For the most part this ship would operate in Earth’s orbit. The insides are cramped and the engines slightly under-powered, by that’s alright for a ship that will rarely go past the moon. Ships of this type might find themselves going on patrol, escorting larger ships, repairing satellites, disabling enemy satellites, and attacking orbital launch platforms.
I think it’s really interesting to envision the types of craft that would exist if we imagine the space race continuing beyond the moon landings. I have a few more ideas for these early ship designs, and I’ll be posting the setting’s FTL mechanics soon. So stay tuned for more updates!
What do you think about these worldbuilding ideas? What would you do differently? Let me know on twitter @expyblog.
Lately I’ve been working on a little side project titled Red Suns. It’s a retroscifi setting where the Cold War turns hot following a malfunction in one side’s early warning systems. By the time anyone realizes what happened it’s too late. Earth has been devastated by nuclear war and the conflict continues in orbit and on the moon’s surface.
Before the war began both the Americans and Soviets had been building an extensive infrastructure in space and on the moons surface. This included defensive lines on both sides of an agreed upon Lunar Demilitarized Zone. On the American side a large number and variety of defensive installations were built before the war started, the Soviets on the other hand were still in the process of building their fortifications when the war broke out.
After the war Earth ceased to be a viable home for the human race and efforts to explore space were quickly accelerated. As humanity spread throughout and beyond the solar system it continued to be divided along the old NATO/Pact line, with a handful of neutral and independent parties caught in between.
This particular bunker was designed with anti-vehicle operations in mind. A 20 mm auto-cannon and a trio of surface-to-orbit missiles make up its main armament. It had a crew of just four, who were rotated out regularly using the train seen in the bottom left.
Power was supplied by a small nuclear reactor that runs off of easy to handle uranium cartridges that can be switched out as needed by the crew. This reactor was capable of powering both this bunker and it’s neighbors in the even that the larger grid is disrupted. The bunker was also home to fairly powerful computer that provide’s guidance to the bunker’s missiles.
There were a few but not many options for crew comfort, you will notice a small kitchenette in the habitat section, and if you zoom in far enough you’ll see some personal items in some of the bunks.
This design did come with several issues however. While most supplied could be brought to the bunker by train, the missiles could only be reloaded by crews working on the surface. Similarly, while the turret could be operated and reloaded internally, most maintenance could only be conducted from the outside. In this timeline, these bunkers did their job until they eventually fell victim to orbital bombardment.
I’m still ironing out some of the basic ideas of this setting and I am interested in hearing you ideas. For example, the specifics of FTL have yet to be worked out, but I am currently mulling over slow(ish) modes of travel with a handful of faster “express” lanes. If you have comments or suggestions feel free to get in touch on twitter @expyblog.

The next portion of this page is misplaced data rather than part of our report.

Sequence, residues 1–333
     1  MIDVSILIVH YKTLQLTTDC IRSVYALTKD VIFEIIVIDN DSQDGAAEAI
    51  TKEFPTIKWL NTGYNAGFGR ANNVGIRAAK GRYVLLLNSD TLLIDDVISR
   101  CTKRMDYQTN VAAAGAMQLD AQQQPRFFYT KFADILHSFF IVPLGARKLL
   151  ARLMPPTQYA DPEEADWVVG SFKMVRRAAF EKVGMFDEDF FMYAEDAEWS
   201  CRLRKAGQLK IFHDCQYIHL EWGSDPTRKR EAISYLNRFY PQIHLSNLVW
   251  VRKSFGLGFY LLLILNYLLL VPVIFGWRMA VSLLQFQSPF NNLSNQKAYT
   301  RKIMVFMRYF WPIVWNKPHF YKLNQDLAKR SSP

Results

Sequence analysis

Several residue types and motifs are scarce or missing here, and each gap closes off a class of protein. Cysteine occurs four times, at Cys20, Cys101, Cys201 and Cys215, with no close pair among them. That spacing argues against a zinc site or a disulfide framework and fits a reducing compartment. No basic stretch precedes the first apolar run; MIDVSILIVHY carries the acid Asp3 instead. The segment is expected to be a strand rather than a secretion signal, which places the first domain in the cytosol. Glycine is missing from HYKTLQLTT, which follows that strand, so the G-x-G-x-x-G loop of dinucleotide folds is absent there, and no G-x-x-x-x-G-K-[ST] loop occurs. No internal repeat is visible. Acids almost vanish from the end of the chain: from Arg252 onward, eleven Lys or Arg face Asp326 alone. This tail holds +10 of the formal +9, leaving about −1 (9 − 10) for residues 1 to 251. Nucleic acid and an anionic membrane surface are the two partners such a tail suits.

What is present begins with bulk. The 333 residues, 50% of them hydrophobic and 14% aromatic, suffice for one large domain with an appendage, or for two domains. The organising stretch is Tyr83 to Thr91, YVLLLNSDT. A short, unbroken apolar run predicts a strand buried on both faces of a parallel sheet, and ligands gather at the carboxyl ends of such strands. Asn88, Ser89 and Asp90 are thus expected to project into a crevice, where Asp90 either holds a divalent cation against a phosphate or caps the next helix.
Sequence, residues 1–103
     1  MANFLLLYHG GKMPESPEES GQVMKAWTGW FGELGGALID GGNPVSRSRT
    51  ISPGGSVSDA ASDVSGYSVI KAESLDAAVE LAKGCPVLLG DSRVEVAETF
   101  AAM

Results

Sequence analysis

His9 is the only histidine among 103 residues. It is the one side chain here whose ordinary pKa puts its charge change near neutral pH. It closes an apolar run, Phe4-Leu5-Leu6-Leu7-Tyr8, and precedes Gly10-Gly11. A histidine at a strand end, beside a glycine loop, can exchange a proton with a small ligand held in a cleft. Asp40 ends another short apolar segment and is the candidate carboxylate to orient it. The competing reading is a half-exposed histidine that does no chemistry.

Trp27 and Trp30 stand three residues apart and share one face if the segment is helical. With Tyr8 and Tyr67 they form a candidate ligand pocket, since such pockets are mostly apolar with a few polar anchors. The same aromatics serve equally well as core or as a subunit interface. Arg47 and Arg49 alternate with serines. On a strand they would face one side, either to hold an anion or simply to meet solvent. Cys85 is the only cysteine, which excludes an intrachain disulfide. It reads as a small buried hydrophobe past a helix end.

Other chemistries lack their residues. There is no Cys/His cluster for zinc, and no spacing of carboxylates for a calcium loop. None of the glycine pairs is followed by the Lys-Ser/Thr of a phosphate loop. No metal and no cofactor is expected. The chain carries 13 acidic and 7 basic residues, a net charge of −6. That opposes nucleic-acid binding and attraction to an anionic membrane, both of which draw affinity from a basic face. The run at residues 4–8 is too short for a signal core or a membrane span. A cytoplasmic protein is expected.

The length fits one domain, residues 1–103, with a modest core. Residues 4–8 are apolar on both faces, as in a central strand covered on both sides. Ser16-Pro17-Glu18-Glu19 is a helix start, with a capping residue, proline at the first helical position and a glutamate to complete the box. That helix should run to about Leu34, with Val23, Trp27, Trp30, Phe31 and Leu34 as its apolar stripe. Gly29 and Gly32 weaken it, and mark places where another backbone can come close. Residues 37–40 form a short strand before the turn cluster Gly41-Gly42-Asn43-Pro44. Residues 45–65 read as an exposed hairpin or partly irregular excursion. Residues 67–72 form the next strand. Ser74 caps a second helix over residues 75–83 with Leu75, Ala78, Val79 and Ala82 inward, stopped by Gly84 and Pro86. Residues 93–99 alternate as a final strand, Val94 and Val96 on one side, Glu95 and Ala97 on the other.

This story was also posted on Wattpad.
“Begin final boarding. Take off in twenty minutes.”
Marshal and Alice leapt up from their molded plastic seats and into the scragly excuse for a line that was forming quickly in front of the gate. The city’s disheveled dreggs, the last to board the evacuation flights, who had been waiting over a week to find out if they would even get a spot on one of the last flights out, now seemed ready to fight each for a spot in line. It didn’t matter that all their spots had been guaranteed by their ticket purchase. Everyone in that line, Marshal included, still feared the prospect of being left behind or being told than an excess of tickets had been issued.
He wondered what he would do in that case. He of course liked to think that if it came down to it he would make sure his wife got aboard even if he did not. Marshal imagined such a thing happening and pictured himself muscling his way past the attendant only to be gunned down by the two marines who stood guarding the gate. Fortunately, suicide by marine did not seem to be in store for him, he managed to insert Alice and himself in about the middle of the line, well within what he thought must be the ship’s margin of error.
There were still other concerns of course. The military could find a sudden need to commandeer the ship and leave them all stranded. It had happened to a few others already. Or their ship could suffer some crippling malfunction and leave them stranded. It was after all, not actually built for its new task. Only necessity had made them resort to converting battered freighters and loadings docks into passenger liners and lobbies. If the colony was not staring at certain ruin the same room where Marshal, Alice, and all the other passengers were currently jostling for a place in line would instead be full of crates of generic drugs and ingots eagerly awaiting to be loaded onto a ship for some out-of-system buyer.